# Book Review: The Art of Computer Programming 4A

#### asgard4 (1665145) writes | about 3 years ago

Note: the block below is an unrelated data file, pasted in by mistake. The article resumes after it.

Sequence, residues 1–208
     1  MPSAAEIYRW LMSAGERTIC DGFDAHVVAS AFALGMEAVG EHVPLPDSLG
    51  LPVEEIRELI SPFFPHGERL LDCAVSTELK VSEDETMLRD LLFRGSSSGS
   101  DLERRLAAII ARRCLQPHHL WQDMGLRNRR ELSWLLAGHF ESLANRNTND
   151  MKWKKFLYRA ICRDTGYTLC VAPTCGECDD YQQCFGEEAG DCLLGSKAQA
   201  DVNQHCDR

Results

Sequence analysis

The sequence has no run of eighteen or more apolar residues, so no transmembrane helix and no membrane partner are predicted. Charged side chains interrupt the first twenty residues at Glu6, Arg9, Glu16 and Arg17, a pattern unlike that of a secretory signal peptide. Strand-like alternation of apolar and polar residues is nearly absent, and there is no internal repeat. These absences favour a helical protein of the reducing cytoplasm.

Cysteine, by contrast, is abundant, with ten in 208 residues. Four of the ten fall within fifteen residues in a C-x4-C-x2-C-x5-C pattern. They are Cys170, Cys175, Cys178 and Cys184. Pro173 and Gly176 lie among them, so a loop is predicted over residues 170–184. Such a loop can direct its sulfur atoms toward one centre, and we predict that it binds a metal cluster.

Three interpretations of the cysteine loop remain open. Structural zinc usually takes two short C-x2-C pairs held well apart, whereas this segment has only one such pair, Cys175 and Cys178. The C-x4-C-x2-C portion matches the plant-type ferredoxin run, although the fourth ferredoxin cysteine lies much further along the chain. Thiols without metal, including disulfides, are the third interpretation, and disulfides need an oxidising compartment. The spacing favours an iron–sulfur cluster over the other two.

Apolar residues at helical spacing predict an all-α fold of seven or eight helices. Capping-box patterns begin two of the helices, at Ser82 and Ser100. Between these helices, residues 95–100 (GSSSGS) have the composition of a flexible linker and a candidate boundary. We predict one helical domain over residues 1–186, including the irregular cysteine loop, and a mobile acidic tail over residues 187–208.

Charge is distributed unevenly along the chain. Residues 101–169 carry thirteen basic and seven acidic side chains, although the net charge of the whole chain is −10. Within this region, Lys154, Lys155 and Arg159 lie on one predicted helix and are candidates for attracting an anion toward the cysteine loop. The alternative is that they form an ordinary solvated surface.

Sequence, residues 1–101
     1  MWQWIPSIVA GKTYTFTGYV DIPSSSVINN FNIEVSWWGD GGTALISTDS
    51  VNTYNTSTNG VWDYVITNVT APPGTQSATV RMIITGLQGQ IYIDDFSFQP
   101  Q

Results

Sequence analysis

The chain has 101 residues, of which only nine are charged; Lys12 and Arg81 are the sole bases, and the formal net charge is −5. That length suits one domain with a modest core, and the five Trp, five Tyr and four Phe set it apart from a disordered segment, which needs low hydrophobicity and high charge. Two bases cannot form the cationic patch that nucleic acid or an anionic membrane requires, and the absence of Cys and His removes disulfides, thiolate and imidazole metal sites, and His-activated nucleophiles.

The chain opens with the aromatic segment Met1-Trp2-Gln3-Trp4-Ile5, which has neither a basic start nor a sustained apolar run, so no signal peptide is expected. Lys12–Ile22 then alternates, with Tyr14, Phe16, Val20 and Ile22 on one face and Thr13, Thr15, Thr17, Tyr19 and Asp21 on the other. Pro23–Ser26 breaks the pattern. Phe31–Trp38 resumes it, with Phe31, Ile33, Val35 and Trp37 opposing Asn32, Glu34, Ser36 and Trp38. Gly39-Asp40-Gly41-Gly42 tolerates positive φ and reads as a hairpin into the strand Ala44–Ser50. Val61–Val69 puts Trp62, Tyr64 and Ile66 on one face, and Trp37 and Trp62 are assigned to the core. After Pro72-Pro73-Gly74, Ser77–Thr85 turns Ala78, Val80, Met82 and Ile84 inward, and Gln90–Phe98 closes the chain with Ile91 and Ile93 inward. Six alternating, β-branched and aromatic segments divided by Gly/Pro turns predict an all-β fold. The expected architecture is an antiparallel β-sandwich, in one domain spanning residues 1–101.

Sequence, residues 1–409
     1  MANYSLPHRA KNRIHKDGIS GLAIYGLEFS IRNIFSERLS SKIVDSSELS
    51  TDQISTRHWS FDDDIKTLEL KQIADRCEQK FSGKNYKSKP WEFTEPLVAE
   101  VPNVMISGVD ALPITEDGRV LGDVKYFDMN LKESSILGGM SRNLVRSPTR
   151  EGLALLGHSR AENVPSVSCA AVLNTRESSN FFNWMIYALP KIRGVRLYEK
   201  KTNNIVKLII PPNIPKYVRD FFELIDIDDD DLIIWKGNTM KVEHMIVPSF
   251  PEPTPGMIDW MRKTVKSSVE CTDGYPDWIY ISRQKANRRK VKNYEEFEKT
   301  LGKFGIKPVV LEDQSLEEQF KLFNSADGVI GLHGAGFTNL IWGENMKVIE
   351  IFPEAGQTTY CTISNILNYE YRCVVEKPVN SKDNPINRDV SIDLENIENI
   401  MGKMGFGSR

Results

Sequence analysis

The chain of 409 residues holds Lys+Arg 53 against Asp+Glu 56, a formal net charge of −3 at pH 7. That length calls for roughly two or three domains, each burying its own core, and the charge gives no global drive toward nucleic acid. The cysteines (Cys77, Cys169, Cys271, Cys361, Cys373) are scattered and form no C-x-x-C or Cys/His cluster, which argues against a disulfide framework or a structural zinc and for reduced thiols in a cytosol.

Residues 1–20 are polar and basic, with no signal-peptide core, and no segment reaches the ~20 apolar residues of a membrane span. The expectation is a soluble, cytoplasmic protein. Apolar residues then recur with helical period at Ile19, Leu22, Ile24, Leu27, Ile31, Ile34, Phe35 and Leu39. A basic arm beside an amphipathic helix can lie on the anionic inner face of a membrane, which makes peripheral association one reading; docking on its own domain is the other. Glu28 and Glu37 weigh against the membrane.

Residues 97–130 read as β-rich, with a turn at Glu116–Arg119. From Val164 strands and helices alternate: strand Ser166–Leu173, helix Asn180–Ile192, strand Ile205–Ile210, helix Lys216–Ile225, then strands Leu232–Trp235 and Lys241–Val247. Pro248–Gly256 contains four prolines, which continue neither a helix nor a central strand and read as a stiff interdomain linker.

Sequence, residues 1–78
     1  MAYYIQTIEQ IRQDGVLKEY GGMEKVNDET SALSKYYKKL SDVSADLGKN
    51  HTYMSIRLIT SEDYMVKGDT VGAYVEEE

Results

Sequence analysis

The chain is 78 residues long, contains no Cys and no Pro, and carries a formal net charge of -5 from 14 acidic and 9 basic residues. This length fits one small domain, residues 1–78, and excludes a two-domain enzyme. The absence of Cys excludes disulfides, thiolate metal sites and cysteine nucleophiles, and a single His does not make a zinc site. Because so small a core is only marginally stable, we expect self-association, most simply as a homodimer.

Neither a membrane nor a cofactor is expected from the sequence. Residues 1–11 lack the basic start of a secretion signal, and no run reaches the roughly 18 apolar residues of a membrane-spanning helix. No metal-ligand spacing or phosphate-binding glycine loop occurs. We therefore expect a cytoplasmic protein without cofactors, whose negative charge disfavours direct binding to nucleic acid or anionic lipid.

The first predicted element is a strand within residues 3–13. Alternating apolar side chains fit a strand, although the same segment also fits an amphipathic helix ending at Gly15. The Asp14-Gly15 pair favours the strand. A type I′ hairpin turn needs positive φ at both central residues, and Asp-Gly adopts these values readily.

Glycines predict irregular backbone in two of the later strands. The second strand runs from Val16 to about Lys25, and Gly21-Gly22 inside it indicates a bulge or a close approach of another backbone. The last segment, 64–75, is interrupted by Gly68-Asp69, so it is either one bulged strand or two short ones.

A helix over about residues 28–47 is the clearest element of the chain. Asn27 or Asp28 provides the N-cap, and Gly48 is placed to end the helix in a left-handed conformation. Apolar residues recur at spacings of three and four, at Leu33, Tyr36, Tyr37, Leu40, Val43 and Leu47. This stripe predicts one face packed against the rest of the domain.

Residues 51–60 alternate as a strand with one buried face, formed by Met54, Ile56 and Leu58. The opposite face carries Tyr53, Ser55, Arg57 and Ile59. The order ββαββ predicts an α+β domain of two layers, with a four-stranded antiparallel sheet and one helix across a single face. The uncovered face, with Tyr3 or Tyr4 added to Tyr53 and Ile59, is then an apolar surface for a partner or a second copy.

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asgard4 (1665145) writes *"StatisticsTitle: The Art of Computer Programming. Volume 4A: Combinatorial Algorithms Part 1Author: Donald E. KnuthPages: 883Rating: 9/10Publisher: Addison-Wesley Publishing http://www.awl.com/ISBN-10: 0-201-03804-8ISBN-13: 978-0-201-03804-0Price: $74.99 USSummary: Knuth's latest masterpiece. Almost all there is to know about combinatorial search algorithms.Decades in the making, Donald Knuth presents the latest few chapters in his by now classic book series "The Art of Computer Programming". The computer science pioneer's latest book on combinatorial algorithms is just the first in an as-of-yet unknown number of parts to follow. While these yet-to-be-released parts will discuss other combinatorial algorithms, such as graph and network algorithms, the focus of this book titled "Volume 4A Combinatorial Algorithms Part 1" is solely on combinatorial search and pattern generation algorithms. Much like the other books in the series, this latest piece is undoubtedly an instant classic, not to be missing in any serious computer science library or book collection.The book is organized into four major parts, an introduction, a chapter on Boolean algebra, a chapter on algorithms to generate all possibilities (the main focus of the book), and finally 300 pages of answers to the many exercises at the end of every section in the book. These exercises and answers make this work an excellent companion for teachers of a university course.The book begins with some introductory examples of combinatorial searching and then gives various definitions of graphs and directed acyclic graphs (DAGs) since a lot of combinatorial algorithms conveniently use graphs as the data structures they operate on. Knuth's writing style is terse and to the point, especially when he presents definitions and proofs. However, the text is sprinkled with toy problems and puzzles that keep it interesting.After the introduction, the first chapter of the book (out of only two) is titled "Zeros and Ones" and discusses Boolean algebra. Most readers that have studied computer science in some form should be intimately familiar with most of the discussed basics, such as disjunctive normal forms and Boolean functions and their evaluation. The reader might be surprised to find a discussion of such an elemental foundation of computer science in a book on combinatorial algorithms. The reason is that storage efficiency is especially important for these types of algorithms and understanding the basic storage unit of computer systems nowadays (as the decimal computer is a definite thing of the past) is of importance.After covering the basics of Boolean algebra and Boolean functions in quite some detail, Knuth gets to the most fun part of this chapter in my opinion: the section on bitwise tricks and techniques on integer numbers. Being a software engineer in the video games industry, I recognized a lot of the techniques from my day-to-day work, such as bit packing of data and various bit shifting and bit masking tricks. There is also a discussion of some interesting rasterization-like algorithms, such as the shrinking of bitmaps using Levialdi's transformation or filling of regions bounded by simple curves. The chapter concludes with Binary Decision Diagrams that represent an important family of data structures for representing and manipulating Boolean functions. This topic was also quite interesting to me since I have never been exposed to it before.The second and main chapter of the book is titled "Generating All Possibilities". In this particular volume of the "The Art of Computer Programming" series, the only subsection of the chapter in this volume is on generating basic combinatorial patterns, or more specifically generating all n-tuples, permutations, combinations, partitions, and trees. We can expect more on this topic from Knuth in his continuation in Volume 4B and beyond.The discussion on n-tuples starts out with a lengthy focus on Gray codes, which are binary strings of n bits arranged in an order such that only one bit changes from string to string.A quite fun example for generating all permutations presented in this part of the book is alphametics, also sometimes known as verbal arithmetic — a kind of puzzle where every letter of a word stands for a digit and words are used in equations. The goal is to assign digits to letters in such a way that the equation is correct. A classic example is SEND + MORE = MONEY (the solution is left as an exercise for the reader).The next section deals with generating all combinations. Given a set of n elements, the number of all possible combinations of distinct subsets containing k elements is the well-known binomial coefficient, typically read as "n choose k". One of the more interesting algorithms in this section of the book to me was generating all feasible ways to fill a rucksack, which can come in quite handy when going camping*

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